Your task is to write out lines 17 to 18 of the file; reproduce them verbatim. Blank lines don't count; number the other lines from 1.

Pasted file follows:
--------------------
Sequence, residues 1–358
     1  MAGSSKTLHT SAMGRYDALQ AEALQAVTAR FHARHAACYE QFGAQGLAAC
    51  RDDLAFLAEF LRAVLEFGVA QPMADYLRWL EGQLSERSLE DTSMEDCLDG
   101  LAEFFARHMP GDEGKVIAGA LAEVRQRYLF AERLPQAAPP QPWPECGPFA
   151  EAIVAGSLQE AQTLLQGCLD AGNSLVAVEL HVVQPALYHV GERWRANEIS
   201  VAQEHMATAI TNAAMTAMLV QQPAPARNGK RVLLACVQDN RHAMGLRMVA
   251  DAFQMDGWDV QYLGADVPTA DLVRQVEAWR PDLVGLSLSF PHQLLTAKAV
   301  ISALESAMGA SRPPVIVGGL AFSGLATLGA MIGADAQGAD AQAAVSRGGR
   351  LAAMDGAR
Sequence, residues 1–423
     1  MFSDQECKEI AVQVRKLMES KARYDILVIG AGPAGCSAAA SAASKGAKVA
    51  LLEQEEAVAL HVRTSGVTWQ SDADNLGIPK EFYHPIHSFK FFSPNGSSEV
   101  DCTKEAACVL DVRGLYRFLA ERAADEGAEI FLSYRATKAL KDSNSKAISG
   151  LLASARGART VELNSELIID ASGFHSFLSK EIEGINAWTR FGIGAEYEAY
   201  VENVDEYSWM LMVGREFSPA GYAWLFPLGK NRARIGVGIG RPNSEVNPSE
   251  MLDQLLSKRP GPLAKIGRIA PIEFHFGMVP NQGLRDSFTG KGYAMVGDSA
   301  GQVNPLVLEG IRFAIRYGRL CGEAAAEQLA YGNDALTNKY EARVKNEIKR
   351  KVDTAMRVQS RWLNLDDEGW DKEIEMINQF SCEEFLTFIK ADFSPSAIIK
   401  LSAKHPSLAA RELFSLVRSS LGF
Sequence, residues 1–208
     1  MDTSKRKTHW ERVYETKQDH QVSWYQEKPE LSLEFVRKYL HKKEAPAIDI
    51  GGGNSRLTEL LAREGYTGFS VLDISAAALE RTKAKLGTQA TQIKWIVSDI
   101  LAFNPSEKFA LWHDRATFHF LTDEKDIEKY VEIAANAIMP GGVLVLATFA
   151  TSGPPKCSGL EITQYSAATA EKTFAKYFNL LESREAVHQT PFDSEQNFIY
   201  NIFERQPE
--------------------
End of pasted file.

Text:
   301  GQVNPLVLEG IRFAIRYGRL CGEAAAEQLA YGNDALTNKY EARVKNEIKR
   351  KVDTAMRVQS RWLNLDDEGW DKEIEMINQF SCEEFLTFIK ADFSPSAIIK